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John Riddell: Democracy in Lenin's Comintern

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Richard Atkinson: Death and the Bedroom Tax

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Bunny La Roche: Nasty Little Nigel gets a rude welcome to Kent

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Financial Appeal

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Financial Appeal

Defend Education Birmingham: Statement on the Occupation

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We are occupying a large part of the Aston Webb Building, which includes the Vice-Chancellor’s and Senior Management’s offices, Telecommunications and the Senate Chamber in order to demand the right to free education, to protest and to housing. We are here in defiance of management’s tactics to try to suppress student protest through the use of disciplinaries, suspensions and injunctions. The areas we are occupying also play a key role in the corporatisation of our university which sees power concentrated in the hands of the few, education treated as a commodity and our institution become more like a business.

We condemn the university management for the actions they have taken against the right to protest and the suspension of Kelly Rogers and Simon Furse. All people should be able to freely express their discontent and students are no exception. The university is supposed to be a stronghold for free-speech and dissent. However, is it clear that the University of Birmingham does not recognise this human right and actively seeks to curtail it.

Yesterday, Kelly and Simon were supposed to have their appeal. Despite its postponement, we wanted to make it clear that we have not forgotten this injustice. Their case is an example of the extreme victimisation that this university will deploy in order to crush its student body. They were both singled out against a backdrop of nationwide occupations and are the only students in the country to have been suspended for 9 months since before 2010. Only Kelly and Simon were suspended despite a hundred or so other students also being involved. A third student, Hattie Craig, is not allowed to break any university regulation under threat of suspension for 6 months. The university is trying to make an example of them to intimidate other students by punishing them. This behaviour is a draconian response to an otherwise peaceful protest. This affront to democracy puts the University of Birmingham to shame and we will not let them succeed in preventing students from protesting for a better, fairer education for all.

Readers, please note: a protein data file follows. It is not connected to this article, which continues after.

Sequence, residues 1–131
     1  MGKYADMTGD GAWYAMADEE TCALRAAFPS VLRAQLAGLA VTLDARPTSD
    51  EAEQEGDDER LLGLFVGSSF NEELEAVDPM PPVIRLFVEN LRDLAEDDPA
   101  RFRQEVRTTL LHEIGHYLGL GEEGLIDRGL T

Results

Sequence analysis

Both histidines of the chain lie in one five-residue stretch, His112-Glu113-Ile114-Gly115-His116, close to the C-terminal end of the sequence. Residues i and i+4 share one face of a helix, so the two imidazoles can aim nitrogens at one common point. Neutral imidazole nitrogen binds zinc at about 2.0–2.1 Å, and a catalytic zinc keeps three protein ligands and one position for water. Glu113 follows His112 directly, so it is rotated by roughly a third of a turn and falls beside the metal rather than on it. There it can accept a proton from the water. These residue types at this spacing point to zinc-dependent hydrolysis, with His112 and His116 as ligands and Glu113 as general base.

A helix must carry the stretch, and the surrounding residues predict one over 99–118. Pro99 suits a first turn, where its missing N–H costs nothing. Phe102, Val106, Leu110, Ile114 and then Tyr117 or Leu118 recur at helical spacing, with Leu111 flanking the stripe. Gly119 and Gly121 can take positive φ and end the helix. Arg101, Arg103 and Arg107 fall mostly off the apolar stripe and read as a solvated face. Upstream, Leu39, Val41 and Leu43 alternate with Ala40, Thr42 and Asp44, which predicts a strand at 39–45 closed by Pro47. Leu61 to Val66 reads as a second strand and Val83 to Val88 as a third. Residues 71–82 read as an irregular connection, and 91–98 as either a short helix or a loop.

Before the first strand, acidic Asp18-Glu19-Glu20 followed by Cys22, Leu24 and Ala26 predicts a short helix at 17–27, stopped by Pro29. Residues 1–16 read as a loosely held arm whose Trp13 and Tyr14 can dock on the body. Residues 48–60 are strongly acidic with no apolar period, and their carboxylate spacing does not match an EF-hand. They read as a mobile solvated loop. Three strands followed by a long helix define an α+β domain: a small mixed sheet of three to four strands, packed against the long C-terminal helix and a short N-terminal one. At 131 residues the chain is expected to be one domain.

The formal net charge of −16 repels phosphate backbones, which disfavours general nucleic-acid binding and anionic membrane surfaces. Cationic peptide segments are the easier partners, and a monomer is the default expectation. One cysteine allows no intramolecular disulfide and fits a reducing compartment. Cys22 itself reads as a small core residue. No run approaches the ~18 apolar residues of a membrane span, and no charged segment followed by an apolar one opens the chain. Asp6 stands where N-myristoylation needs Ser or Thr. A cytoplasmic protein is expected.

We advocate for an education system which is free, democratic and accessible. As it stands, even basic rights like that to education, housing and protest are not being met. As such, we demand:



1. That David Eastwood and the University of Birmingham should publicly take back their position that fees should be increased and that bursaries should be cut. Instead, they should lobby the government for education to be free, and for the implementation of living grants

2. That a body should be set up made up of elected students, academic staff, and support staff. This should have ultimate oversight over the restructuring of departments, the University’s investment decisions, and its lobbying positions

3. That every student is offered accommodation which does not exceed the amount they receive in loans and grants

4. That the university does not make a profit (or “surplus”) from the fees it charges for accommodation

5. The reinstatement of Simon Furse and Kelly Rogers

6. The lifting of the onerous and inhibitive restrictions on Hattie Craig

7. That the University recognises occupations as a legitimate form of protest, with a long and illustrious history

8. That the University reforms its disciplinary procedures to include sentencing guidelines, a right for students to receive legal representation and a requirement that allegations be proved beyond reasonable doubt, instead of on the balance of probabilities